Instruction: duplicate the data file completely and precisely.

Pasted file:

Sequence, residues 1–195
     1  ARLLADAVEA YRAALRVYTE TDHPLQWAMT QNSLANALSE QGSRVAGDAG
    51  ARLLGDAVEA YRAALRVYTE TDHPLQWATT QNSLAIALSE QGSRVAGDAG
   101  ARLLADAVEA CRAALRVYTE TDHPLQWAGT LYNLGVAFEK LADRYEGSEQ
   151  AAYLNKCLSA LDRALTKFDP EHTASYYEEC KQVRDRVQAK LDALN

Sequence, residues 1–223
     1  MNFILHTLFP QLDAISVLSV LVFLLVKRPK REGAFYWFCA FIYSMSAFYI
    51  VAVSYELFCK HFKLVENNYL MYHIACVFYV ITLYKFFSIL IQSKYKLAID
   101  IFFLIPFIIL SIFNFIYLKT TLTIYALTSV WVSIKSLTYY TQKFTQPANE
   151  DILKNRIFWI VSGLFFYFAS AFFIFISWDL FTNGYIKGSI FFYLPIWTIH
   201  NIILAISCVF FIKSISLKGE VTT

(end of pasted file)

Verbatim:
Sequence, residues 1–195
     1  ARLLADAVEA YRAALRVYTE TDHPLQWAMT QNSLANALSE QGSRVAGDAG
    51  ARLLGDAVEA YRAALRVYTE TDHPLQWATT QNSLAIALSE QGSRVAGDAG
   101  ARLLADAVEA CRAALRVYTE TDHPLQWAGT LYNLGVAFEK LADRYEGSEQ
   151  AAYLNKCLSA LDRALTKFDP EHTASYYEEC KQVRDRVQAK LDALN

Sequence, residues 1–223
     1  MNFILHTLFP QLDAISVLSV LVFLLVKRPK REGAFYWFCA FIYSMSAFYI
    51  VAVSYELFCK HFKLVENNYL MYHIACVFYV ITLYKFFSIL IQSKYKLAID
   101  IFFLIPFIIL SIFNFIYLKT TLTIYALTSV WVSIKSLTYY TQKFTQPANE
   151  DILKNRIFWI VSGLFFYFAS AFFIFISWDL FTNGYIKGSI FFYLPIWTIH
   201  NIILAISCVF FIKSISLKGE VTT